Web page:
The Key to Britain’s Recovery - The Guardian
I’ve found the key to Britain’s recovery: an orange shed in Shanktown - Aditya Chakrabortty
A return visit to the Building Bloqs initiative – in a suburb best known for stabbings and mini-riots – shows what social enterprises can do with proper support
Originally published in The Guardian by Aditya Chakrabortty on 29th March 2016
Journalists are like pigeons: they all flock at once to the same feeding ground, then fly off together, leaving behind only their indelible crap. Venal bankers, Afghanistan, the northern powerhouse … stories are hot until they are most decidedly not, and, unlike Star Wars, the readers never get a sequel.
I always hoped to revisit Building Bloqs – I just didn’t know if it would still be standing. When I wrote at the start of 2015 about the big orange shed plonked by a canal, it was with an anxious excitement. In Edmonton, a suburb of north London normally in the headlines for yet another stabbing or mini-riot, here was a bit of good news. In an industrial hub where the factories had long ago turned into warehouses and gigantic superstores offering low-wage jobs, here were people once again actually making something.
Everyone who came across Building Bloqs loved it – loved what it symbolised and the young men who’d charged into setting it up. Yet when I first dropped by, it was close to shutting down. Its status as a new social enterprise – in which any profits were reinvested back into the business – meant that the banks wouldn’t lend and the venture capitalists wouldn’t invest. The novelty of a makerspace in their backyard – freelancers in metal and wood and plastic hiring benches by the day and sharing workshop kit and knowhow – confused Enfield council, who couldn’t work out how best to help.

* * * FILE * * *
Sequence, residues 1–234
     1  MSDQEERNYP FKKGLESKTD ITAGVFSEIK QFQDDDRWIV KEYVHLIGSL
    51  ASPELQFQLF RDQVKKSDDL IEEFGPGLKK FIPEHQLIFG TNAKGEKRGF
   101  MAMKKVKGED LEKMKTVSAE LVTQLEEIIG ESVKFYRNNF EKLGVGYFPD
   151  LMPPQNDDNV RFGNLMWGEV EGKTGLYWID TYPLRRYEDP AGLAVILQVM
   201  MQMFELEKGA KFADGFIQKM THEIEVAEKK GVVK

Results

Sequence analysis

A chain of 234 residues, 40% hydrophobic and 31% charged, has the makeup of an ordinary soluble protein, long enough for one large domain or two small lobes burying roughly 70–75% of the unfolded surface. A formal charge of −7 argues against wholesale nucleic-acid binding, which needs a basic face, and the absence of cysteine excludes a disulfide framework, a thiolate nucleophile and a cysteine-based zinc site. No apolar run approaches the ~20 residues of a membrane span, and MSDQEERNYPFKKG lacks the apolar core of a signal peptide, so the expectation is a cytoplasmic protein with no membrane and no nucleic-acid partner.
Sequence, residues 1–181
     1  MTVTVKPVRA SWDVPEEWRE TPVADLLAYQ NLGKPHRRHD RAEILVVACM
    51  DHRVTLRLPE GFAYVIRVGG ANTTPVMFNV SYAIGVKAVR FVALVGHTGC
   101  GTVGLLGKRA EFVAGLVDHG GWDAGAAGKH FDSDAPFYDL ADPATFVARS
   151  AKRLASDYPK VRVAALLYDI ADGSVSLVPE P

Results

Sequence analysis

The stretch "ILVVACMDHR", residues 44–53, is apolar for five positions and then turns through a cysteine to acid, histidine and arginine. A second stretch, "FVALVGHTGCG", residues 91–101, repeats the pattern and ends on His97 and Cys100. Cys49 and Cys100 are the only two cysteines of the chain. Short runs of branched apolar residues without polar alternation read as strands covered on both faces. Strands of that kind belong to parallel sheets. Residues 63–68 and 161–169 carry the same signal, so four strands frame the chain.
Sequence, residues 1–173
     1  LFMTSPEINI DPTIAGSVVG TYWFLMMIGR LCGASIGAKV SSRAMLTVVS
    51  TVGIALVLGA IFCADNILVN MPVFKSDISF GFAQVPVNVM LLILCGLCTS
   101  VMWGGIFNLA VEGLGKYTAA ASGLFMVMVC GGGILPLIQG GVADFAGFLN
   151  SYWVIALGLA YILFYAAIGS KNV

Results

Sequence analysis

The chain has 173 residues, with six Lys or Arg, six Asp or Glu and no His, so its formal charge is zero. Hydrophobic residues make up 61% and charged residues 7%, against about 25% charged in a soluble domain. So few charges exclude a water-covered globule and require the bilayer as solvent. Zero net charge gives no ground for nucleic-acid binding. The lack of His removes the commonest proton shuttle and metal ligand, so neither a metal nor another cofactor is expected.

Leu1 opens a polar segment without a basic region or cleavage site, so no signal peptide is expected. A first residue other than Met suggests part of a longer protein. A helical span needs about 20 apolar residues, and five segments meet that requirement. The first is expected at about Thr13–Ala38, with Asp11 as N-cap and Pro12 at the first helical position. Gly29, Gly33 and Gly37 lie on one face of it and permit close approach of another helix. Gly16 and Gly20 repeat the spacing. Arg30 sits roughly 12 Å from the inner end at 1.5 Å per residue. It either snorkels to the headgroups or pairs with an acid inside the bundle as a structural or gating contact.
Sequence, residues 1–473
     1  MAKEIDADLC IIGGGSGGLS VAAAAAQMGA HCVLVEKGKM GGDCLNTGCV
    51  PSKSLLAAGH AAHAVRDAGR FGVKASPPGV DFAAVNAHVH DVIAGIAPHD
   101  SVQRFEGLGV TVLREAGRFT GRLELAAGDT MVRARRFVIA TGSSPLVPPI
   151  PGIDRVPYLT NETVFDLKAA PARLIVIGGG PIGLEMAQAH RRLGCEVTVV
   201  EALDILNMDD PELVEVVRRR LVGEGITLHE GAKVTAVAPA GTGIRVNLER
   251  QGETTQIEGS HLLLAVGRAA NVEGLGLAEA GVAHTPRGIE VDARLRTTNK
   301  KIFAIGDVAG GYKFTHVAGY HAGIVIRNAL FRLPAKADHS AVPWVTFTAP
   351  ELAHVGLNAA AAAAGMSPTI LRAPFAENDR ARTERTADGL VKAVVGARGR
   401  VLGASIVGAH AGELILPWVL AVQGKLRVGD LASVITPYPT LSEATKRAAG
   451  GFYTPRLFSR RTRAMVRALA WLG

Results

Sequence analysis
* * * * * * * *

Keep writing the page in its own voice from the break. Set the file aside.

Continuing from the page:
The roof had a giant gash, the place was freezing, the directors were working without pay till 10 at night and then crashing on friends’ sofas. I had a row with a well-intentioned local councillor over what else he and his colleagues should be doing, filed a column that read more like a distress flare, and went away fearing the worst.
Well, as they say on Facebook posts, you won’t believe what happened next. First, mail began pouring in from Guardian readers asking how they could help. Some offered loans. One couple just gave £5,000. “That made the difference between Building Bloqs staying open or not,” remembers Al Parra, a co-director. More politicians popped in, including the Green party leader, Natalie Bennett, and council officials sent over details of available grants.
When I visited last Thursday, Building Bloqs was not only intact – it was thriving. The number of members has more than doubled to 150 since last January, and well over 80 of these would count as going concerns. Imagine that: more than 80 households now self-sufficient in a local economy kept afloat by tax credits.
I was told about a member who was robbed of his livelihood by the 2009 recession, but had been able to get back into business through the low overheads offered by Building Bloqs – and was now once again supporting his wife and child. There’s new kit, and a textile studio is about to open. The directors now have their own places to stay. Just last summer Parra had this skinny, haunted look – as if his landlords were just behind him. Not anymore. “We’re considerably less stressed, sometimes even happy,” he says.